If you’re loaded, just do what you want - that’s the message today’s CAS Court of Arbitration for Sport (CAS) ruling provides this morning on Manchester City’s appeal against their 30m euros fine and two-year European ban.
The Citizens weren’t completely exonerated, a 10m euros fine remains in place due to the club’s attempts to obstruct UEFA’s investigation. The club maintain though they had nothing to hide, their lack of co-operation being particularly linked to an objection around the process attached to the investigation.
So football will go on being football. The situation will perpetuate, all the big clubs will disregard FFP, the rich will get richer and the poor... well, they will see an already unbridgeable gap between the classes extend still further.
UEFA Financial Fair Play Regulations (FFP) were initially established to prevent professional football clubs spending more than they earn in the pursuit of success and in doing so getting into financial problems which might threaten their long-term survival.
This hardly applies to City, as no matter their spending, they are always likely to be bailed out by immensely wealthy owners investing in various creative ways to inject more finances into the club. The issue will arise only should the owners walk away (very unlikely, yet not impossible), hence the reason why the regulations should apply to the obscenely rich as to the not so fortunate.
In delivering the ruling on Monday, CAS said City did “fail to cooperate with UEFA authorities” but overturned the decision by UEFA’s club financial control body (CFCB) to ban them.
City said the decision was “validation of the club’s position and the body of evidence that it was able to present”.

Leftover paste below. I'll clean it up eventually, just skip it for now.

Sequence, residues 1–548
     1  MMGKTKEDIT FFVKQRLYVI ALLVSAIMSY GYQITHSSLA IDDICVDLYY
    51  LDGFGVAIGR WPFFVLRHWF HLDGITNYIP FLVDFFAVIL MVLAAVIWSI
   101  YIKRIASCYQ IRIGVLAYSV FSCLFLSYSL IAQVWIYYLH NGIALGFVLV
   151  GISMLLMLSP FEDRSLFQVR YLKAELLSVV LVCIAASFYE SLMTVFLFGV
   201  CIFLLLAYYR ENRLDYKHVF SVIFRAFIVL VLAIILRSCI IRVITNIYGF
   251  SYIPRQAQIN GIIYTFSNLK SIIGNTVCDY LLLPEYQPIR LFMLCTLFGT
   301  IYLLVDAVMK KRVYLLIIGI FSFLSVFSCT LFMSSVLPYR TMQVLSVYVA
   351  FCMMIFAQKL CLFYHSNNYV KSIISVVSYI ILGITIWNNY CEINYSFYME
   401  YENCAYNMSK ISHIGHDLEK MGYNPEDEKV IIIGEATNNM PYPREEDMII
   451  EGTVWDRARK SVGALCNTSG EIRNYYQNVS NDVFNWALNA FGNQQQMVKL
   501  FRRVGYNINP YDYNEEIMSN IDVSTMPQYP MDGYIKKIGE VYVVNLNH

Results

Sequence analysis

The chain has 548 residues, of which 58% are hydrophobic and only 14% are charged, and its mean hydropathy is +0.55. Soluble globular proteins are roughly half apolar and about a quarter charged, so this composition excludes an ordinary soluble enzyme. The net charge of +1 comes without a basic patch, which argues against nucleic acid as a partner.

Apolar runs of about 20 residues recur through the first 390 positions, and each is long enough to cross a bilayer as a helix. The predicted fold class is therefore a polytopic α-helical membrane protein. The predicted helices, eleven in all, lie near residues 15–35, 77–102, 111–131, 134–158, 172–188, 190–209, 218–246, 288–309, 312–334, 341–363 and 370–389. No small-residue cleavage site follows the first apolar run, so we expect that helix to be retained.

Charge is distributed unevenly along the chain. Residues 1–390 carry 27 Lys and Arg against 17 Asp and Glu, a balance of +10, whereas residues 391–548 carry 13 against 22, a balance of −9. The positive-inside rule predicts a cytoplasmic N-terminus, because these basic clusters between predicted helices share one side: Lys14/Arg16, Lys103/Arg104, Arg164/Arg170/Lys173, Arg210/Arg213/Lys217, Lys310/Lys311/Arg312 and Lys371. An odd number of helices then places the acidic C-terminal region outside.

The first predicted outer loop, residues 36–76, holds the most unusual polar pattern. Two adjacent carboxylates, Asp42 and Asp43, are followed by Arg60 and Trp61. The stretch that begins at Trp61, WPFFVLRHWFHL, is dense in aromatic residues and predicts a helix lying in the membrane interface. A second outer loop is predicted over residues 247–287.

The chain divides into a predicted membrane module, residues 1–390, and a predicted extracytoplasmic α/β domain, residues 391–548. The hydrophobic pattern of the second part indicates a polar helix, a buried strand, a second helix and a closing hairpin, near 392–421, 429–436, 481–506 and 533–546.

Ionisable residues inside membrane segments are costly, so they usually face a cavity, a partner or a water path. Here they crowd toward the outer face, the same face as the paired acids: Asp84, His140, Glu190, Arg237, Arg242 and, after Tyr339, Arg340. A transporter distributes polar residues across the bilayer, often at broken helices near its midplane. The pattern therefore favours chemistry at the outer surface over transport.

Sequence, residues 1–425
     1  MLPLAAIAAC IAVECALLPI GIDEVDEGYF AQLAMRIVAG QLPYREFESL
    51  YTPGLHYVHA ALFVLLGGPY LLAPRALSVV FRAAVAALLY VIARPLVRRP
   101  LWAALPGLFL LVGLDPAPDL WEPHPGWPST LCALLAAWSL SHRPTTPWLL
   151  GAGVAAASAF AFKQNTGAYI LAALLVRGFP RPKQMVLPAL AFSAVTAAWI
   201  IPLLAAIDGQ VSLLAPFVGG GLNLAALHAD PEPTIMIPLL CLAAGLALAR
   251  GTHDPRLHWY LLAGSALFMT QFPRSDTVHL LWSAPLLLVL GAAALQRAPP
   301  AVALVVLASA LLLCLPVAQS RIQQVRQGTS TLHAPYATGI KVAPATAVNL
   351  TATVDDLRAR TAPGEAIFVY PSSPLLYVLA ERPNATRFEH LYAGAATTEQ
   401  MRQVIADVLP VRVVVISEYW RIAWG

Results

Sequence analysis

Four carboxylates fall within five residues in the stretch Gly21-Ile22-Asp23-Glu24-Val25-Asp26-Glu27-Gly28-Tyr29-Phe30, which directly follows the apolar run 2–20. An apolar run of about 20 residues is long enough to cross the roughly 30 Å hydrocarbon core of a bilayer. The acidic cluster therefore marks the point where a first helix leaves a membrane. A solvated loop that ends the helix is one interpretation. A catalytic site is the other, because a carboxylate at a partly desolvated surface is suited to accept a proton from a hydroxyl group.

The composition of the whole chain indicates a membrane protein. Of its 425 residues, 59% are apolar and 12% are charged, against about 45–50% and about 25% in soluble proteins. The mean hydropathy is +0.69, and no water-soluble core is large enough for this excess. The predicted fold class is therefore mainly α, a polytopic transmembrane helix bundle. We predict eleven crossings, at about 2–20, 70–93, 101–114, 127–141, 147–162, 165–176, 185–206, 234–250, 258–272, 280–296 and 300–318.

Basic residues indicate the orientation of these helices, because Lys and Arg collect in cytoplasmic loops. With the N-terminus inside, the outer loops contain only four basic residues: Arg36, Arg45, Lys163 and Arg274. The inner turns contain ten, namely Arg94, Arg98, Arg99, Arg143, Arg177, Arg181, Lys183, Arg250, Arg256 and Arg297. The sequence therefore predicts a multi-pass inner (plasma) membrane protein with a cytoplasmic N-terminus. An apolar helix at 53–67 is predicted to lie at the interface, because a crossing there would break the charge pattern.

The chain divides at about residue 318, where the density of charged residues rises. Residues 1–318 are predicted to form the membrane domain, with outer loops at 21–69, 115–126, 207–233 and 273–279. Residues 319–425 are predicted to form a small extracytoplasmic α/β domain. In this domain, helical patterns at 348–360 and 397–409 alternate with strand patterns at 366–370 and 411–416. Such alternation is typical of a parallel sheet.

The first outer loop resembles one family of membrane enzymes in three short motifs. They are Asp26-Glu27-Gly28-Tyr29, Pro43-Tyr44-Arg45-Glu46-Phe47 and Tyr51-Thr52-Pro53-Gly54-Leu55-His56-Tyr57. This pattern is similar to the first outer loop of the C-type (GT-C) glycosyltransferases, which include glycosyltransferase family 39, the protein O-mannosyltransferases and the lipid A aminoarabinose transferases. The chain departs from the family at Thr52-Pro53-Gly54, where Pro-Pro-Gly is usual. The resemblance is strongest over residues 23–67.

“The club wishes to thank the panel members for their diligence and the due process that they administered,” City added.
It added that in clearing City of the more serious charges surrounding “dishonest concealment” of sponsorship deals it was “not appropriate to impose a ban on participating in UEFA’s club competitions” for the lesser charge of “obstructing the CFCB’s investigations”.
On reducing the fine, CAS said that, while it considered “the importance of the co-operation of clubs in investigations conducted by the CFCB” and Manchester City’s “disregard of such principle and its obstruction of the investigations”, the CAA panel “considered it appropriate to reduce UEFA’s initial fine by two-thirds”.
It added: “The final award with reasons will be published on the CAS website in a few days.”
UEFA said it noted there was “insufficient conclusive evidence to uphold all of the CFCB’s conclusions in this specific case and that many of the alleged breaches were time-barred”.
After the two-year ban was announced in February, City said the process that led to it was “flawed” and “prejudicial” and immediately announced their intention to appeal.
They alleged they had been the victim of illegal moves by people who had the express intention of damaging their reputation. City also believed the CFCB was not independent and ended up being distrustful of it, partly because of the amount of secretive information the club felt was leaked to the media.
City are off the hook. UEFA’s FFP is in tatters, credibility out the window. Hard to see how it can survive after this. It’s a model that may well work for football away from the very top level, but with filthy rich clubs like City and a few notable others, governing bodies seem unable to enforce their own rules. Remember CAS did not say that City is not guilty. Instead the wording read, “insufficient conclusive evidence” to uphold all of UEFA’s conclusions, not ‘no evidence’.
The Premier League has its own FFP regulations too. The English body’s silence throughout this saga is also quite deafening. Just another organization simply unable to enforce its own rules it seems...
Modern-day, stinking-rich football - where will it all end?